The Scopes Monkey Trial: The Role Of Religion In Secular Education

430 Words2 Pages
Religion has always been a big part of the American culture however the American constitutional separation between church and state have teethed on the edge of collapse as religious fundamentalists tried to blur the line between the separation. The Scopes “Monkey” Trial brought to the forefront the heated debate in the religious battle to overturn the Butler Act which forbade public schools science curriculum in Dayton, Tennessee from including evolution.
John scopes, a high school biology teacher, employment was suspended for violating the Butler Act, and this brought the American Civil Liberties Union to his defense in part to mount the first legal challenge against the Butler Act, in order to bring to the forefront of national and international debate the role of religion in secular education. The debate has come full circle and is again a hot topic as public educators are confronted with the fundamentalists insisting upon the teaching of religious ideology as part of secular school curriculum and similar demands for prayer and the elimination of the teaching of evolution in public schools.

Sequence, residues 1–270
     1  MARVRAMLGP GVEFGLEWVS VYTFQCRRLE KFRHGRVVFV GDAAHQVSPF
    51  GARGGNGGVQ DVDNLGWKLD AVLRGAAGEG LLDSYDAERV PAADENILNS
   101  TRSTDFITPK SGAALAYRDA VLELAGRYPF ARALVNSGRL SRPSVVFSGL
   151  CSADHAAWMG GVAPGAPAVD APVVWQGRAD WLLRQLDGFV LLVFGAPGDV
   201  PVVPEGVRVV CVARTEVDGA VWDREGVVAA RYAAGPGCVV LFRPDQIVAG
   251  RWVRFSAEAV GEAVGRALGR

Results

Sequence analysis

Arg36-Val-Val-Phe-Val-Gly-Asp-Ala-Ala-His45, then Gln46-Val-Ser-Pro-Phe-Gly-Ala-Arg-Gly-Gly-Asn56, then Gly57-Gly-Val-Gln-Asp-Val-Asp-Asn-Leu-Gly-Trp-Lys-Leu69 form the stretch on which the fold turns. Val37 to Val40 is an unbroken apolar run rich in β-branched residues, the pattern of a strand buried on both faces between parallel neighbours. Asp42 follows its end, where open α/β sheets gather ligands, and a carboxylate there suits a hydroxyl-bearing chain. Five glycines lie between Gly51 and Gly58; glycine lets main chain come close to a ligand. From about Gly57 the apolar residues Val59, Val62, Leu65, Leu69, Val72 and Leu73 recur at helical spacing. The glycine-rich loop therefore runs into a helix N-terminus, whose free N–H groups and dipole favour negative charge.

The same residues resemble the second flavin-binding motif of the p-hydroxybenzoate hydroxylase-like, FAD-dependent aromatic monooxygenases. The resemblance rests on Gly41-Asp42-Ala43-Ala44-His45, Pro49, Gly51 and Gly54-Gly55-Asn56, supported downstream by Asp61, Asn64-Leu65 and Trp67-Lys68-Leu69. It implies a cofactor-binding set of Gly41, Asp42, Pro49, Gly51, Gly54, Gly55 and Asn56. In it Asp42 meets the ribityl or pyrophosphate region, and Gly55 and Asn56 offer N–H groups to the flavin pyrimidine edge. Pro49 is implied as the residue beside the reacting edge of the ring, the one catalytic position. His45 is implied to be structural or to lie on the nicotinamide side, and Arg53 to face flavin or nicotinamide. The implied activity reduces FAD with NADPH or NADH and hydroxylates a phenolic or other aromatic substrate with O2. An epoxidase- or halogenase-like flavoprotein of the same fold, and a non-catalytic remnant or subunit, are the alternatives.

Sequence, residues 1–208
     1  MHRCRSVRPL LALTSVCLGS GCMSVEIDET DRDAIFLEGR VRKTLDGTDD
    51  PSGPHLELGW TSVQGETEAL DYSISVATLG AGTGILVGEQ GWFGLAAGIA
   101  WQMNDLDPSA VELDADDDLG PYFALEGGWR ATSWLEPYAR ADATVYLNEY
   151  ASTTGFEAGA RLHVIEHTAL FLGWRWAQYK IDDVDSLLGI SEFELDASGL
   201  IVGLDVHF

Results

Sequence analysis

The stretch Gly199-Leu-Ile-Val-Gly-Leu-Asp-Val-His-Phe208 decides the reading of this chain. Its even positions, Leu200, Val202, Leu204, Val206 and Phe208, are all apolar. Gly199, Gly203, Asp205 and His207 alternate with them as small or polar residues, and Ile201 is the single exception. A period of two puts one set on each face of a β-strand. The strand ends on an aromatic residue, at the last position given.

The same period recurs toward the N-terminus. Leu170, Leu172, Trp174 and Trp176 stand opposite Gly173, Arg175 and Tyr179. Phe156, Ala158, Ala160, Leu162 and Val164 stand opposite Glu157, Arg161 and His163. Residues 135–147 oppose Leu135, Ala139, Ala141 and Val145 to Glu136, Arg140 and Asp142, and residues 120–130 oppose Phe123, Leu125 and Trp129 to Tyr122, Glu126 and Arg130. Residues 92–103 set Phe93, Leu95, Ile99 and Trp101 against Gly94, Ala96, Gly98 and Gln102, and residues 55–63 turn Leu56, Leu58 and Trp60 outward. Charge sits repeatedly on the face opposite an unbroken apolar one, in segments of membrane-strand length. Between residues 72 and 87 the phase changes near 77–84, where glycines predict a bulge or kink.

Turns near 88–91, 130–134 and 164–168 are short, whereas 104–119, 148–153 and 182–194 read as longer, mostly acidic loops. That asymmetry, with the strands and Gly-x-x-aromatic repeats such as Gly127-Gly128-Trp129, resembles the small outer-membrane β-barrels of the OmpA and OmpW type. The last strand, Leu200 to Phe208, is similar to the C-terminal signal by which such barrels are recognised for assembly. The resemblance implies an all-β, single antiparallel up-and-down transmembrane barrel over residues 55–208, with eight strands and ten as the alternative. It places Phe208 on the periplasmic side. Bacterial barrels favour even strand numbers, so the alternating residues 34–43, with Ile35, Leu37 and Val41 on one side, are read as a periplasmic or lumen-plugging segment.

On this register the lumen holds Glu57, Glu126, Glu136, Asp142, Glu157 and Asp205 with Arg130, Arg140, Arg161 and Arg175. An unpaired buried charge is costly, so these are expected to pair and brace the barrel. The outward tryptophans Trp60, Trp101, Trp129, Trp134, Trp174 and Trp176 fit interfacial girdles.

…show more content…
He was arrested, producing The Scopes Trial or The Monkey Trial. The Scopes Trial was a case, which examined John Scopes’ violation of The Butler Act. During this era in America, especially in The Bible Belt region, religion seemed as though it was attached with the law. Going against people’s beliefs and breaking the law, Scopes’ actions were looked upon as extremely controversial. During the trial on Scopes’ side were lawyer Clarence Darrow, a well renowned advocate, and the American Civil Liberties Union (ACLU). William Jennings Bryan was an orator who supported the state and its religious
Open Document